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‘Groundbreaking’ new evidence could finally solve mystery of MH370 flight

‘Groundbreaking’ new evidence could finally solve mystery of MH370 flight

A team of researchers have just released a new case study on the mystery

‘Groundbreaking’ new evidence could finally solve the mystery of flight MH370, which went missing almost a decade ago.

Malaysia Airlines flight 370 took off from Kuala Lumpur International Airport on 8 March 2014, heading for the Chinese capital of Beijing.

Howver, the plane tragically went missing with all 239 people on board presumed dead, and while aircraft's crash site was never discovered, some debris have since been found.

The plane's last communication came about 38 minutes after take-off, when the aircraft was travelling over the South China Sea.

Radar than tracked it going dramatically off course, with the plane abruptly turning west, though it had been flying north.

The last primary radar contact was an hour later.

The first piece of debris from flight MH370 was the plane's flaperon - part of the wing - which washed up on a beach on the island of Réunion off the east coast of Madagascar, some 16 months after the plane disappeared.

With the exact details of what happened one of aviation’s biggest mysteries, investigators have continued trying to get to the bottom of things – including researchers Richard Godfrey, Dr Hannes Coetzee, and Professor Simon Maskell, who released a new case study yesterday (31 August).

Flight MH370 went missing in 2014.

In the study, the team explore ‘groundbreaking amateur radio technology called Weak Signal Propagation Reporter (WSPR) to detect and track flight MH370’.

“This aircraft tracking technology has been developed over the last 3 years and the results represent credible new evidence in the search for MH370,” Godfrey explains on the project’s website, adding: “Around 10 million commercial passengers fly every day and the safety of the airline industry relies on finding the cause of this and every other aircraft accident.”

When an aircraft travels through a WSPR link, it ends up disturbing the signal.

The 232-page study used 125 of these signal disturbances – records of which have been held in a global database – to track the path of the plan for more than six hours after one of the last radio contacts, combining this information with Boeing data, Inmarsat satellites and drift analysis to come to a 'significant multidisciplinary outcome' of the same crash site: about 1,560km west of Perth, Australia.

The team wrote: “Together with [the data], a comprehensive picture of the final hours of flight MH370 can be collated.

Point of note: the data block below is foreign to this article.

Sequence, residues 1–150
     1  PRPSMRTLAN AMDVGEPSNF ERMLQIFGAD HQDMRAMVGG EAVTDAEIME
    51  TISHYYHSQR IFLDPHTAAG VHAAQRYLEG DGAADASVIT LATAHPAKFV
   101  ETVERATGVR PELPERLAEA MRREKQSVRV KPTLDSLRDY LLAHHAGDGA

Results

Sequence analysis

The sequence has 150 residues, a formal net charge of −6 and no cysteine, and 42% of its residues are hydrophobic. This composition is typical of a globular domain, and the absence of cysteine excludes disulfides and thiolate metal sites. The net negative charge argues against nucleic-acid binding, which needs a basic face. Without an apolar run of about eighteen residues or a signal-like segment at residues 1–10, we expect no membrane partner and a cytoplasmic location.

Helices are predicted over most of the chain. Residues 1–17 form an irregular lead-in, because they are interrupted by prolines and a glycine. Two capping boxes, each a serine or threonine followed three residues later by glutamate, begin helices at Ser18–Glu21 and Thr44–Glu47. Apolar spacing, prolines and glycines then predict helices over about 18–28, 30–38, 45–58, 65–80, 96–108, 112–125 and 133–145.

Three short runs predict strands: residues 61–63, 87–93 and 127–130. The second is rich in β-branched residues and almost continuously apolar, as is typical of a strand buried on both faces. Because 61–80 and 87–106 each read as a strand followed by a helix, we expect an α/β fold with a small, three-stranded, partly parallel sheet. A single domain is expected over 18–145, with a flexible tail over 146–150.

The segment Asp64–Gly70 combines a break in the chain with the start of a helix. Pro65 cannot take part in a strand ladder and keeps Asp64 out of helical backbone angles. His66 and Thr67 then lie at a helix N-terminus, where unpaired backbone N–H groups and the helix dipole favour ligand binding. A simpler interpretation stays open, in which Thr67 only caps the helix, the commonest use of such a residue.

“Flight MH370 was diverted into the Indian Ocean where it crashed of fuel exhaustion [...] at some point after the last signal after midnight.

“At the time of writing, MH370 still has not been found despite extensive surface and underwater searches.

“About 10 million commercial passengers fly every day and the safety of the airline industry relies on finding the cause of every accident.”

The new case study was released this week.
Godfrey, Coetzee and Maskell

Godfrey explained how the case study presents 67 positions for the flight over the course of ‘the next 6 hours 27 minutes of flight, as detected by a total of 125 anomalous WSPR links.

“The results of this case study align with the previous analyses by Boeing, Inmarsat and the drift analysis by the University of Western Australia of the MH370 floating debris that has been recovered from around the Indian Ocean,” he said.

“In a next step, Prof. Simon Maskell is also developing a variant of the algorithm first developed by DSTG Australia to determine the probable crash location of MH370, but this time modified to incorporate the WSPR data.”

Aviation expert Geoff Thomas told the Today show that relatives of the victims supported the report, despite pushback, and were looking to present it to the Malaysian government.

"There has been some criticism, but this report has been peer-reviewed," he said.

"A scientist from the University of Liverpool and the ocean company who did the search in 2018 will use it as a basis for a new search.

"There is a very high level of confidence. It has been four years in the making, being reviewed over and over again.

"They are certain that they have located where this aircraft is."

Featured Image Credit: Mohd Samsul Mohd Said/FRED NEELEMAN/ANP/AFP/Getty Images

Topics: World News, Technology